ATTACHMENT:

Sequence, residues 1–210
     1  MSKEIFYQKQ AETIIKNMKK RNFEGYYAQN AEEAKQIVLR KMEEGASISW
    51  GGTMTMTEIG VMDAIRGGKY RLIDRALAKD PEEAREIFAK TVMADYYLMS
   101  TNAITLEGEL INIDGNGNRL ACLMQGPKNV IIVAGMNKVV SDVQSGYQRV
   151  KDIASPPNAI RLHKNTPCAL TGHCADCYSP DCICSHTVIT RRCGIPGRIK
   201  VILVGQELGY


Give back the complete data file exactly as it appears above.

Sequence, residues 1–210
     1  MSKEIFYQKQ AETIIKNMKK RNFEGYYAQN AEEAKQIVLR KMEEGASISW
    51  GGTMTMTEIG VMDAIRGGKY RLIDRALAKD PEEAREIFAK TVMADYYLMS
   101  TNAITLEGEL INIDGNGNRL ACLMQGPKNV IIVAGMNKVV SDVQSGYQRV
   151  KDIASPPNAI RLHKNTPCAL TGHCADCYSP DCICSHTVIT RRCGIPGRIK
   201  VILVGQELGY